Documentary News

On Dads And Dog Cocks: Michael Nirenberg Dishes on BACK ISSUES: THE HUSTLER MAGAZINE STORY

11:25 AM 6/5/2014 by Sara Vizcarrondo
Michael Nirenberg remembers the moment in 2nd grade it occurred to him his father’s work was different from the other dads. Like his father, Nirenberg works in art direction; he’s a scenic artist for film (Salt, Shame) and TV (working on Girls Season 4 right now). His father William Nirenberg spent his career as an art director for men’s magazines, most famously working for Larry Flynt's Hustler Magazine.

Review: Breastmilk (Not For The Faint of Heart)

3:07 PM 5/23/2014 by Sara Vizcarrondo
You may squirm, shield your eyes or freak out, but after you get over the first flush, Breastmilk will jog the gland that produces old-fashioned common sense. This highly niche documentary about breastfeeding is strengthened by celebrity executive producers Abby Epstein (The Business of Being Born) and Ricky Lake (Hairspray).

The Fluffy Movie

Posted May 19th, 2014 by Binh Ngo

Killer Lineup of Whippersnappers at SFDocFest13!

5:38 PM 5/7/2014 by Sara Vizcarrondo
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One of two niche festivals put on by San Francisco’s IndieFest (the other is horror fest HoleInTheHead), SFDocFest runs every summer in San Francisco and Oakland and this year features a slate of films that focus on geniuses who hit hard and run fast.

Review: NOW: In the Wings on a World Stage (NOT Actually About House of Cards)

12:24 PM 4/28/2014 by Sara Vizcarrondo
A swiftly moving travelogue about a marvelous theatrical event, Now: In the Wings on a World Stage follows Kevin Spacey’s traveling production of Richard III as it visits the world’s great, historic theaters. Beginning at London’s Old Vic Theater, director Jeremy Whelehan introduces the cast members in waves, from the veteran leads (Gemma Jones, Maureen Anderman) to the younger actors (Isaiah Johnson, Annabelle Scholey) dazzling at their high pedigree costars.

Managing The Desire To Help: Moral Conscience in Jesse Moss’ THE OVERNIGHTERS

2:55 PM 4/22/2014 by Sara Vizcarrondo
In anticipation of the San Francisco International Film Fest screening of The Overnighters (April 28) I spoke with director Jesse Moss about his film's fallible Pastor, the men who divided a town and how this messianic tale became Greek Tragedy. The Overnighters will reach theaters in fall via Drafthouse Films.

Heaven Ends With A Whodunnit: Docmakers Geller/Goldfine on Their Galapagos Affair: Satan Came to Eden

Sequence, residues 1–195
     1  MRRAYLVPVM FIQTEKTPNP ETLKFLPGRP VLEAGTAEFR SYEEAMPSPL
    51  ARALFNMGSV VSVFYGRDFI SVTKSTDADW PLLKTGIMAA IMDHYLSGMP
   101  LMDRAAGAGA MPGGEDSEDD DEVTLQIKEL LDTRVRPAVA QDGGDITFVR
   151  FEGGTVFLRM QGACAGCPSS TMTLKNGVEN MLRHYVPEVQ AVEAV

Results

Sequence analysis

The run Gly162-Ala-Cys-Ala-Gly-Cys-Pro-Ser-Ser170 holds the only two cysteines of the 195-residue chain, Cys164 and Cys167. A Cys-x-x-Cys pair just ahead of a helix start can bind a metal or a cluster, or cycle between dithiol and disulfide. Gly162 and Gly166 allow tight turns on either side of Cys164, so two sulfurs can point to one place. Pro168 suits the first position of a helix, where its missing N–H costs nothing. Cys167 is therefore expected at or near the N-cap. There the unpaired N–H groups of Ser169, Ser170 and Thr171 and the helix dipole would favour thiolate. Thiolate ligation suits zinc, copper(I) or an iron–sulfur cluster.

8:08 PM 3/28/2014 by Sara Vizcarrondo
“Why did everybody who intended to leave society take typewriters?” Daniel Geller asks. He and Dayna Goldfine stumbled on this question while they were reconstructing the story of the 1930’s Galapagos settlers for their documentary The Galapagos Affair . Couples and families fled their lives in the civilized world to live in paradise, but their story ends with the unsolved murder of a potentially fraudulent Baroness.

Review: Anita (A Phoenix From The Ashes)

7:46 PM 3/18/2014 by Sara Vizcarrondo
A portrait of a reluctant rights advocate and elegant exemplar, the documentary Anita checks in with Anita Hill two decades after her historic Supreme Court testimony indicting prospective Supreme Court Justice Clarence Thomas of sexual harassment. Even in 1991, sexual harassment in the workplace was described—perhaps in the interest of courtroom neutrality—as one of a hundred un-pleasantries adults just have to suck up (no pun intended).

Review: 'The Unknown Known' Unravels Post-Vietnam Politics

10:13 AM 3/13/2014 by Jeff Giles
It wasn't so long ago that documentaries had a reputation for being dry and boring, and their relatively recent ascension to mainstream entertainment status has a lot to do with the lively -- and occasionally aggressive -- filmmaking techniques employed by directors like Errol Morris. Famed for turning up fascinating stories in places both unexpected (Gates of Heaven; Vernon, Florida) and difficult (The Thin Blue Line).

Review: 'Soap Life' Takes a Clean Look at a Troubled Medium

9:27 AM 3/12/2014 by Jeff Giles
Soap Life
They've been derided for decades and hunted to the point of extinction by television network executives, even as their storytelling tropes have been absorbed into the primetime lexicon and their audience has remained as steadfastly loyal as ever. If there's a type of show that needs defending in TV's current "golden era," it's the daytime soap, and director Sako Brockmann gives it a pretty good shot with Soap Life.
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